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John Henry was a legendary steel driving man, whose life is the basis for one of the world’s best-known folk tales. His fame rests on a single epic moment when he raced the steam drill during the building of a West Virginia railroad tunnel. That moment has captured the imagination of balladeers and storytellers for the last century, and in their songs and tales they have woven for John Henry a whole life: an infant’s prophecy, a woman he loves, a heroic test, and a martyr’s victory.

Scholars cannot know the real contours of John Henry’s life. He was probably born a slave and was perhaps a convict after emancipation. He worked between 1870 and 1872 as a hammer man or steel driver during construction of the Big Bend (or Great Bend) Tunnel, on the Chesapeake & Ohio Railroad near the Greenbrier River in Summers County. These men used sledge hammers to drive long steel bits into treacherous red shale to bore the holes for the explosives that would open the tunnel.

In the ballad John Henry exhorts his ‘‘shaker,’’ the working partner who clutched, rotated, and shook the dust from his drill: ‘‘Shaker, you better pray. If I miss this piece of steel, Tomorrow be your buryin’ day.’’ Their work was arduous, hazardous, and labor-intensive. Many died from bungled blasting, crashing rocks, and tunnel sickness or silicosis.

Scholars suspect that Capt. W. R. Johnson, contractor for Big Bend, hoped to import the Burleigh Steam Drill to replace human steel drivers. He may have organized a contest between the drill and his best human driver. Declaring, ‘‘A man ain’t nothin’ but a man,’’ John Henry took up the challenge. He won the race, but overexerted himself and died, mourned by his woman, often called Polly Ann, and an infant son who appears destined to follow his father as ‘‘a steel-drivin’ man.’’ An anonymous musician, possibly a fellow worker, composed a song, which has since been performed in countless variations.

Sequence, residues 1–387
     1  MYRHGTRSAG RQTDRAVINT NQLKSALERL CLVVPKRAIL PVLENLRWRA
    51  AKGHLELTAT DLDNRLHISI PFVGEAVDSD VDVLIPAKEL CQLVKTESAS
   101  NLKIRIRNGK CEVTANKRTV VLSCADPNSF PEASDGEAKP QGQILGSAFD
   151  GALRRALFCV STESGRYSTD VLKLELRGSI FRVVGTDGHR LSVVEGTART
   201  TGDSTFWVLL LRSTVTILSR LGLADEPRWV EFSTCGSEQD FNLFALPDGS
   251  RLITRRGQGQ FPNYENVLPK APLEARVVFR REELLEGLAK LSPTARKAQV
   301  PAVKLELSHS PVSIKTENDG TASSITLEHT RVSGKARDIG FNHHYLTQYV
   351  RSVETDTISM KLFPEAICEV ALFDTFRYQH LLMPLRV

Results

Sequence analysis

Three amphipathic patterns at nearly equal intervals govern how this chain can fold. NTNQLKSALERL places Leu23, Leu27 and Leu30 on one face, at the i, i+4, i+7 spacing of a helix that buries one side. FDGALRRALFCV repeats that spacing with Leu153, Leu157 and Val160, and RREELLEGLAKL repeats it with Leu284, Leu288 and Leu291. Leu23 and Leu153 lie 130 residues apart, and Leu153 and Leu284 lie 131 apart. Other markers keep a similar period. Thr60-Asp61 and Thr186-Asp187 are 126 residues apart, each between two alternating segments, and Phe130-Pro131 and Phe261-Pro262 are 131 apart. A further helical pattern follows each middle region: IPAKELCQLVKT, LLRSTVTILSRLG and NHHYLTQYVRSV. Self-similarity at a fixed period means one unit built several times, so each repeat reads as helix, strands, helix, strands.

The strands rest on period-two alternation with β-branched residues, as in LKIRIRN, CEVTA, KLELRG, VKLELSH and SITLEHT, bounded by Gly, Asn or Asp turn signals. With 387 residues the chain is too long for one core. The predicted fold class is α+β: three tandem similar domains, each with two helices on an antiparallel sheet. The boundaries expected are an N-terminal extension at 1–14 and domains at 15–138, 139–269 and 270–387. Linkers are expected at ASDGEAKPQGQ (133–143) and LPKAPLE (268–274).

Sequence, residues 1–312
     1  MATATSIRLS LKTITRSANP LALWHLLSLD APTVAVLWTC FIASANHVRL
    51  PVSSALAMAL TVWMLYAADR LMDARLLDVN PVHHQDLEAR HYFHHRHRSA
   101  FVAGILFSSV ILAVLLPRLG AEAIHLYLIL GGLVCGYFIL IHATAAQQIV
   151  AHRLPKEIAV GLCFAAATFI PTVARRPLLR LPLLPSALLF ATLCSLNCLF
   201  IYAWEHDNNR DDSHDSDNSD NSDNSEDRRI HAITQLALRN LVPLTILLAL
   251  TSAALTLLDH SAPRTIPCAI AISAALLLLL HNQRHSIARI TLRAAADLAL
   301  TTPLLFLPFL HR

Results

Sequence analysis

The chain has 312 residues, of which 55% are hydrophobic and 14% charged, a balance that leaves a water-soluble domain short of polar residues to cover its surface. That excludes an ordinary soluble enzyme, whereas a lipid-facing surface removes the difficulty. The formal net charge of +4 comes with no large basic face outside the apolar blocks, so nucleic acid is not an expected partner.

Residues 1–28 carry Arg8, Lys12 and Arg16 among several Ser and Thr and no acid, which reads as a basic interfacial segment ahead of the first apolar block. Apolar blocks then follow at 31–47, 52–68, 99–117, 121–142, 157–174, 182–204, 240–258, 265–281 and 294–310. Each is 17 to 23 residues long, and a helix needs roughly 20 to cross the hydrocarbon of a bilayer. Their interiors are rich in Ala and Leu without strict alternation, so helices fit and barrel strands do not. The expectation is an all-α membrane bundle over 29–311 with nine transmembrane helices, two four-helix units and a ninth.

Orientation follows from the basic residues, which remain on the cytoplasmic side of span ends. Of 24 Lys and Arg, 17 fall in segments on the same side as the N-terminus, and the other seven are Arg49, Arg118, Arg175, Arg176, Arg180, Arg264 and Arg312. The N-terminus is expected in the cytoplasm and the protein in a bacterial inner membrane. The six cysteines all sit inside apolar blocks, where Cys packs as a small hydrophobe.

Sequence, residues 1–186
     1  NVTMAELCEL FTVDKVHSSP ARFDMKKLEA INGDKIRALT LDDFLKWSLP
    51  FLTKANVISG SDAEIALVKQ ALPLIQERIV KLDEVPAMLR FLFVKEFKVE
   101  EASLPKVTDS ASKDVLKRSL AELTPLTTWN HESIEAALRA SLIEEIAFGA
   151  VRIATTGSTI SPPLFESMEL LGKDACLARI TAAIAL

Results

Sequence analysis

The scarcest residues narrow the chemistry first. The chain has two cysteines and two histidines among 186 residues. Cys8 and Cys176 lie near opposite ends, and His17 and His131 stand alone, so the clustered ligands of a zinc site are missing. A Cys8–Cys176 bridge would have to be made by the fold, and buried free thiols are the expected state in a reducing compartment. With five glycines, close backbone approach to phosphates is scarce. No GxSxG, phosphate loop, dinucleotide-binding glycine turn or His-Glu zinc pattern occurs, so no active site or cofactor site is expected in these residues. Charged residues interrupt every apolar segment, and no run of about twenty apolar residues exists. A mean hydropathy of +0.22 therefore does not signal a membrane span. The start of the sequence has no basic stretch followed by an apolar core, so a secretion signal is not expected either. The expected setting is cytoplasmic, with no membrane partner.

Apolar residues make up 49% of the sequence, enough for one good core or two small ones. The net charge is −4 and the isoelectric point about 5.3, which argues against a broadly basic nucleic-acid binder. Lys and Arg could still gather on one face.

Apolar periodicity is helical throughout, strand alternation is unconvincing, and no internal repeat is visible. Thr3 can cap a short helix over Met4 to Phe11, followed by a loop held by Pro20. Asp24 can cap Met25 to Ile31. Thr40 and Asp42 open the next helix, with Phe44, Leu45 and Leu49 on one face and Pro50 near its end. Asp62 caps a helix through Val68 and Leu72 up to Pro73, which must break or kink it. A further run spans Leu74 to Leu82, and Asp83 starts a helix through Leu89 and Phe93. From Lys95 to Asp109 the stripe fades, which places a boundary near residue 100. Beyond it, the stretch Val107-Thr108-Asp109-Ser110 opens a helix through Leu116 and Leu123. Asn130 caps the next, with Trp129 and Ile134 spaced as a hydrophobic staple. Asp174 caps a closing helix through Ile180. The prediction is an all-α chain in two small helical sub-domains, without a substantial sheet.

Drawing on this original ballad, many work songs, blues songs, and ballads commemorate John Henry, and he has inspired children’s books, tall tales, folk art, sculpture, film, and theater. In popular culture he grew to represent an African-American hero of quiet, steadfast resistance, a labor hero who fought to protect the dignity of work and the value of humanity over machines, and a Southern hero withstanding slippery Yankee commodities.

The man behind the folkloric giant is elusive, and some doubt the existence of John Henry as a historic figure. In the early 20th century, scholars Guy Johnson and Louis Chappell tried to uncover biographical details. They interviewed tunnel workers and their descendants, and publicized their efforts to find the trail of John Henry, but neither fully succeeded. Building upon their research and expanding it through other historical records, one concludes that a man like John Henry in fact beat the steam drill, accomplishing the triumph that music accords him.

In 1972, a statue of John Henry was placed on the hillside above the entrance of Big Bend Tunnel. In 2012 the statue was restored and relocated closer to the tunnel entrance as part of the future John Henry Historical Park in Talcott. The park will celebrate the legend of John Henry and local railroad history.

This Article was written by Brett Williams

Last Revised on November 30, 2012

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Sources

Chappell, Louis W. John Henry: A Folk-Lore Study. Jena, Germany: Frommannsche Verlag, W. Biederman, 1933, Reprint, Kennikat Press, 1968.

Johnson, Guy B. John Henry: Tracking Down a Negro Legend. New York: AMS Press, 1969.

Williams, Brett. John Henry: A Bio-Bibliography. Westport, CT: Greenwood Press, 1983.

Cite This Article

Williams, Brett "John Henry." e-WV: The West Virginia Encyclopedia. 30 November 2012. Web. 25 September 2017.

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